Does the Obama Administration support or oppose Russia’s brazen deployment of military force in Syria? Amazingly, it is tough to tell.
On the one hand, in his United Nations speech, President Obama offered a thinly veiled denunciation of Russia when he pointedly stated that “some major powers assert themselves in ways that contravene international law.” But on the other hand, Secretary of State Kerry lauded the “fundamental principles” Washington shares with Moscow in Syria and even stood next to his Russian counterpart at a press conference just hours after Russian warplanes attacked rebels—anti-Bashar al-Assad but not pro-ISIS—in an in-your-face display of Moscow’s true priorities. After lamely calling for Assad’s departure for four years, one cannot fault America’s regional allies for interpreting President Obama’s cynical acceptance of Assad’s continued and open-ended rule as a blessing of sorts for the muscular defense of the embattled Syrian leader by the new Russia-Iran axis.
How did we get caught in this muddle? How did the perfectly natural American outrage at the brutal nihilists of ISIS shape-shift into a supine response to the most direct and serious Russian challenge to America’s global position in four decades, a nonchalant acceptance of Iran’s deployment of troops and materiel to the Mediterranean littoral, and a willingness to legitimize the continued rule of a maniacal despot responsible for more than a quarter million killed and the depopulation of nearly half his entire country?
The answer is that this policy is the logical extension of a principle that has been at the heart of President Obama’s approach to the Middle East for the past seven years. This is the idea that the world had consigned to history “20th-century threats” to global peace – especially, the appetites for power, prestige, and wealth of voracious states—leaving in its wake only the still serious but very different “21st-century challenges” of failed states, climate change, and so on.
As applied by the Obama Administration, this idea has had three corollaries. The, first, following the Bush Administration and public opinion in the wake of the September 11 attacks, is that Sunni jihadist terrorism—represented first by al-Qaeda and now by ISIS, a threat fueled by the blinding corruption, ideological extremism, and gross mismanagement of Sunni-led states—represents an existential threat to the West, akin to the thousands of Soviet warheads once aimed at American cities. Against this threat, it is legitimate to deploy American military assets, but only in targeted and limited ways, such as dispatching Seal Team Six to kill Osama bin Laden.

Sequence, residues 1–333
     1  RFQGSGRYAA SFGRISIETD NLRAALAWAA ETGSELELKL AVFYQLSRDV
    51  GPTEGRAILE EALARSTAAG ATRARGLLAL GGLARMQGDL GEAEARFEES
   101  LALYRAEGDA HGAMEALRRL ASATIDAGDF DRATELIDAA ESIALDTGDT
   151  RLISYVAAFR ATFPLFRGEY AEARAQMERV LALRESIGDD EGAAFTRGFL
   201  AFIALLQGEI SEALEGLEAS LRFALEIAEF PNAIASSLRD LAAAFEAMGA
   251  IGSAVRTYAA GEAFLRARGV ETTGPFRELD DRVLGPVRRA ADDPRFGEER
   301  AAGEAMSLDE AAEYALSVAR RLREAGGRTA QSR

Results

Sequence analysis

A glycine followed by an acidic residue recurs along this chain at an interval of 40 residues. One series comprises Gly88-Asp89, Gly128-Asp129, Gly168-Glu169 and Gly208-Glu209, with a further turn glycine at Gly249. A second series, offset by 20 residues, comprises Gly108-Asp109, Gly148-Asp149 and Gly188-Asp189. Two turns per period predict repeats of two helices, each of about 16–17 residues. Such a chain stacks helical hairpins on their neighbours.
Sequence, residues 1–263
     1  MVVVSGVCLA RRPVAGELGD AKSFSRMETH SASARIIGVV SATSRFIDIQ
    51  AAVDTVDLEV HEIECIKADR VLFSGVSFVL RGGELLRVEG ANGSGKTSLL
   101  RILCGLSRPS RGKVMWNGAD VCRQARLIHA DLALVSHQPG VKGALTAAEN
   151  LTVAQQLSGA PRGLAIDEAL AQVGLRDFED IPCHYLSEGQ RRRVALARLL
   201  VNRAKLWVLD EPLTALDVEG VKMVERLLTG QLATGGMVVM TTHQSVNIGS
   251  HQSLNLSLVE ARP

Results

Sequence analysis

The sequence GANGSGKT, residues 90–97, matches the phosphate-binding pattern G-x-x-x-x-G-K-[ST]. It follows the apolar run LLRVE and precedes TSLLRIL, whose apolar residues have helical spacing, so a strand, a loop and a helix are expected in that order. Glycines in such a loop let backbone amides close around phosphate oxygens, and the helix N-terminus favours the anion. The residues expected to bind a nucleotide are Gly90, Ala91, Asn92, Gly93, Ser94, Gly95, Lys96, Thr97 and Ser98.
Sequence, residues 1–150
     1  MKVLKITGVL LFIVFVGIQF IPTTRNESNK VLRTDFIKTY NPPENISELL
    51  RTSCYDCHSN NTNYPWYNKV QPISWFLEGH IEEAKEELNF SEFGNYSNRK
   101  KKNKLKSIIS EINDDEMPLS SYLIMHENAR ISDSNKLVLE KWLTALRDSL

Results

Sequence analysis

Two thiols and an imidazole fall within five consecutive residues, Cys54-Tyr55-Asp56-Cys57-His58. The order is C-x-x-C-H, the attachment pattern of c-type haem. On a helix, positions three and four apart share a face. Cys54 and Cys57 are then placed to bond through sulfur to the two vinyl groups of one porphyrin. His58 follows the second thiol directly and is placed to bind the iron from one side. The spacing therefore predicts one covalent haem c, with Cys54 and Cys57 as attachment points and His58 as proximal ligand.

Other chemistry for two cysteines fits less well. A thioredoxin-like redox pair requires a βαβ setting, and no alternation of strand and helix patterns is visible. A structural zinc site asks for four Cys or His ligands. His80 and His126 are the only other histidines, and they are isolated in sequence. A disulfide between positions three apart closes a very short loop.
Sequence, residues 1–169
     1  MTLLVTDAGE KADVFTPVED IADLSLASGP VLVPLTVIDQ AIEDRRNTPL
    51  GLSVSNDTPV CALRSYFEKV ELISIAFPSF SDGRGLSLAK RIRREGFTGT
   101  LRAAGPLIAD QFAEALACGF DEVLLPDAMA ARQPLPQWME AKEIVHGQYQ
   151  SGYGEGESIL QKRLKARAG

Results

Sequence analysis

That is because of the second corollary, which holds that America cannot and should not wield power to navigate the threats of disorder the way it wielded power to confront traditional aggressors; indeed, wielding such power (so the argument goes) only aggravates some of the most dangerous threats we face and diverts us from the alleged real job of “fixing” the root social and political causes of disorder. But the 21st-century world is also one of opportunities, not just limitations. One such opportunity was the third corollary—the opportunity to bring Iran in from the cold, where it could be transformed from a radical, nuclear-proliferating, renegade state into a rule-abiding, status quo partner in the fight against the jihadists.
Each of these ideas is wrong. Some are obviously wrong; clearly, for instance, rapacious states have survived into the postmodern era, and old-fashioned force must sometimes be used to protect our allies and interests against them. As for Iran, whatever the wisdom of a narrow arrangement to postpone its nuclear weapons ambitions, it is farcical to believe that the Supreme Leader can be a true partner of the United States in any common enterprise. The spectacle of American diplomats chasing after the Iranians at the United Nations last week to engage their help in an array of regional concerns, only to be rebuffed, was both sad and revealing.